Wednesday, January 18, 2012

Response to Arakawa's Fullmetal Alchemist (by Erica Hollingsworth)



1       The artwork very well reflects the idea behind this manga. Every line has a purpose, but they are not sinister in that way. It flows very well from frame to frame as well, making it an easy read, at least visually. Everything is there for you to see. The backgrounds are not always complex, sometimes merely being a single tone or parallel lines going in the same direction as those in the frame. Because you don't always have to focus on what is happening in the frame, you can instead look more into what the author wants you to see: the characters and what they are saying. However, this is not always the case. There are still many frames that give clues or back-story without a word being mentioned about those things.

2       As I have seen this in both manga and anime forms, I can safely say that it is best shown as a manga. The music and voice actors are very distracting from the overall feel of the story. It takes away instead of adding to it. Also, because of techniques used in the manga like to monotone backgrounds, there is a slight problem with translation that can never really be overcome without looking silly. There are also instances like on page 166, during the train heist, where the characters interact with the onomatopoeia of the frames. In one, the sound “floop” is used as an onomatopoeia, but in the next, one of the hijackers looks back toward the sound in confusion, asking “floop?” Something like this could not be well translated into a film or book setting, but it does
add to the story in manga form.

3       In all, there is a third person camera following all the
characters around, but the main focus is always on Edward Elric. Since I
am staying strictly focused on volume one of this series, I can only go
so in depth with this, but there are several times when the reader knows
more than Edward does himself. That being said, he does not always
reveal to the reader what he has planned until the other people in the
story know it too. There are no narration boxes like what can be found
in Batman: Year One, and truth be told, the story is being told as it
happens, with the exception of the few flashbacks. It also differs from
how Watson told the adventures of Holmes in that, even though Ed and Al
are always together, and a good deal of the story does have to do with
just Al, he is in no way a narrator by himself. None of the characters
are, again, with the exception of when they relay tales of their past.

4       I could write pages over events all throughout the series that
strike me as important. Since I've already read them all, I will focus
on a scene that will not spoil anything for new readers. On page 126,
after the town inn has been burned down, the miners and Edward get into
an argument. The miners want Ed to make them gold so that they can pay
to repair their shop. Edward insists that he can't do this, it being
against the law. Not only that, it goes against the foundation of
Alchemy, equivalent exchange. As Edward says himself, “Why should I give
you money for free?” But, I digress. Ed continues on by saying that the
miners should move if they hate it there so much. We find out later that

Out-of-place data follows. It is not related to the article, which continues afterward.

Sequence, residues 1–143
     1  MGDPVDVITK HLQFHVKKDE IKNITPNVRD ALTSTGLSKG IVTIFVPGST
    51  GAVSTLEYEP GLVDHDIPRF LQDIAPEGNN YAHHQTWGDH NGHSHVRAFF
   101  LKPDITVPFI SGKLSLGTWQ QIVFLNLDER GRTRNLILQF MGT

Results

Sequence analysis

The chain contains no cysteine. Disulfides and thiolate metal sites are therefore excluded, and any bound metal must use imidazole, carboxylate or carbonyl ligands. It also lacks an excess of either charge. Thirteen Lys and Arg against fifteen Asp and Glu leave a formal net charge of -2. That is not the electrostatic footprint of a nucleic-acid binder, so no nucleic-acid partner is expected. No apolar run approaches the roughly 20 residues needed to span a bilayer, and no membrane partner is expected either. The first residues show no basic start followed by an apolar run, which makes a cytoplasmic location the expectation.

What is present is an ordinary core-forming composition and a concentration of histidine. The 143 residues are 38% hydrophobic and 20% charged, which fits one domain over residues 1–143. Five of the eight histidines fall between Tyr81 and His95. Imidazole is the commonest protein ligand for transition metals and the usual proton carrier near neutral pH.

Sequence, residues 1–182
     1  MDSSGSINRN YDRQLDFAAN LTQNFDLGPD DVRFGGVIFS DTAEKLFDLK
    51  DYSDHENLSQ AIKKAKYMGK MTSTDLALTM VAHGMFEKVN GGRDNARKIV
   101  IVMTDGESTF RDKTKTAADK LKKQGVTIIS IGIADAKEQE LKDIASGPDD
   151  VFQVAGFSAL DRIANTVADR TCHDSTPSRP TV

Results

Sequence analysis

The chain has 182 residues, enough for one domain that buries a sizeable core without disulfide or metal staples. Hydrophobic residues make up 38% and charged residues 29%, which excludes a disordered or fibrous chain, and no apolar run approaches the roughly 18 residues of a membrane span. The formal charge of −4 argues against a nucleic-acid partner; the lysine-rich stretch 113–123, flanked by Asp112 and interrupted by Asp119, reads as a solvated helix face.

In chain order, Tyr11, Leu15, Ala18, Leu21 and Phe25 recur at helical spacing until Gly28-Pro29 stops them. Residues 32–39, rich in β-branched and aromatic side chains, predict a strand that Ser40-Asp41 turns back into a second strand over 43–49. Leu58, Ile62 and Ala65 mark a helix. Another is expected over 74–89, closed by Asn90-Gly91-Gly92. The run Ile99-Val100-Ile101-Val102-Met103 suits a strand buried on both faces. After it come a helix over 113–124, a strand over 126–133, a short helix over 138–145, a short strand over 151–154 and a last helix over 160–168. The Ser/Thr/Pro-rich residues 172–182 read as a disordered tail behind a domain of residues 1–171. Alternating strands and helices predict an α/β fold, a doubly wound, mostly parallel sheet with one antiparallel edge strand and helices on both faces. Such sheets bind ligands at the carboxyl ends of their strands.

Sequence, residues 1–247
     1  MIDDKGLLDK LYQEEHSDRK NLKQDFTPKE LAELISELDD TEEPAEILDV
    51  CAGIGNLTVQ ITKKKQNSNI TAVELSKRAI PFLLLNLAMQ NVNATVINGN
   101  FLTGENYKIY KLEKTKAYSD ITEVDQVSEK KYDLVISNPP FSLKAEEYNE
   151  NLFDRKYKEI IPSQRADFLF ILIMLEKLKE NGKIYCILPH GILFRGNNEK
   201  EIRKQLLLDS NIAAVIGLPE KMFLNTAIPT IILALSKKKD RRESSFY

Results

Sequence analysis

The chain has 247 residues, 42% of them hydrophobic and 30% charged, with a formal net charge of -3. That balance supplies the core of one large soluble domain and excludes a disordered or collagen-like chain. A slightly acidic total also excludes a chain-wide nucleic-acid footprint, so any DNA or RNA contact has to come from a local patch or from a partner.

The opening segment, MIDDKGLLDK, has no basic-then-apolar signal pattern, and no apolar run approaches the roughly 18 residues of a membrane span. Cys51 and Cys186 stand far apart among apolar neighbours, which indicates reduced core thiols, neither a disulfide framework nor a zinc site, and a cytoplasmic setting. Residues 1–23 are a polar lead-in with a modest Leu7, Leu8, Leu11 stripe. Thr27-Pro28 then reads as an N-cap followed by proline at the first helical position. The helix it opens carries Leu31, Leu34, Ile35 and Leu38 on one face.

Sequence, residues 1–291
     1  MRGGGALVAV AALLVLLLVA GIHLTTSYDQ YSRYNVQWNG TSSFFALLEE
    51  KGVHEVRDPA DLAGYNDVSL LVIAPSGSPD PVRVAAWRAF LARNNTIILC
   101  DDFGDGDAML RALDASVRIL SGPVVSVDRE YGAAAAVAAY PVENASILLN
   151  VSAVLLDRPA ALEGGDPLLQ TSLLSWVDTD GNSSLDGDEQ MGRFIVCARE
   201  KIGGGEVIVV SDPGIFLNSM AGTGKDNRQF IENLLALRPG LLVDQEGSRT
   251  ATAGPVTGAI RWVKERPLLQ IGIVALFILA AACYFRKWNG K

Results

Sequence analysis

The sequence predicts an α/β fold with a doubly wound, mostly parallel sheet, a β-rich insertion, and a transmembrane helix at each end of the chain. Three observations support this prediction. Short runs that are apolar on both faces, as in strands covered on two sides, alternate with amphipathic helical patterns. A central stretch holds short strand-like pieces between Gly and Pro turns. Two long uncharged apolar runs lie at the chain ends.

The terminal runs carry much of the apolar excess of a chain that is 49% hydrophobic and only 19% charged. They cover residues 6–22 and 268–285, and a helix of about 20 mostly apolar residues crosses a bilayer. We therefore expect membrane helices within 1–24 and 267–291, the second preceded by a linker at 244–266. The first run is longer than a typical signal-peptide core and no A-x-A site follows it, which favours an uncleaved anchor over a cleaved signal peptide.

Ed and Al are constantly on the move (which is revealed why later in the
series), so when the owner of the inn tells Ed “The mines are our homes
and our graves,” it strikes a chord with the boy. It takes reading the
book through twice to really get the message, but that was one of the m
ore important moments I've found in this volume without it being very
obvious or spoiling a later revealed plot element.

Response to Persepolis (by Jana Cawthon)

1.      The illustrations are simple and bold, there is very little detail. The simple illustrations are appropriate for the story being told because they are from a child’s perspective. No color is used but the illustrations don’t seem dreary or dull at all. The black and white drawings seem to magnify the simple way the girl saw things she didn’t understand.

2.      Presenting this story as a graphic novel really does an excellent job of telling the story through the eyes of a child. We see things as she saw them and feel the confusion, fear, passion and anger she felt over the things happening in her world and family. This story might lose the uniqueness being told by a child if it were a film. As a text novel this story would be difficult to read since most of it is told through dialogue.


3.      Marji, the little girl narrates the story and tells us her personal thoughts about the things she is hearing and seeing.

4.      On page 70 depicts Marji telling God to get out of her life. I think this scene is really significant because throughout the entire book Marji is hearing many different voices and seeing so much controversy that she has no control over. At this point in the story her friend has just died and she feels her world spinning out of control as the war starts; Marji feels God has failed her, she is angry and hurt. This would have been a very confusing time to be a child and it just solidifies the feeling that Marji feels like no one can understand how she feels and no one can make it better.

Response to V for Vendetta (by Derek Reed)


1) The art work is dark.  The lines are harsh, but the colors bleed over and aren't constrained
by the lines.  I feel it is unique to the story due to the oppression the people feel from the
government.  The artwork is pleasing and suits.  Things have a lot of color, but somewhat
sepia.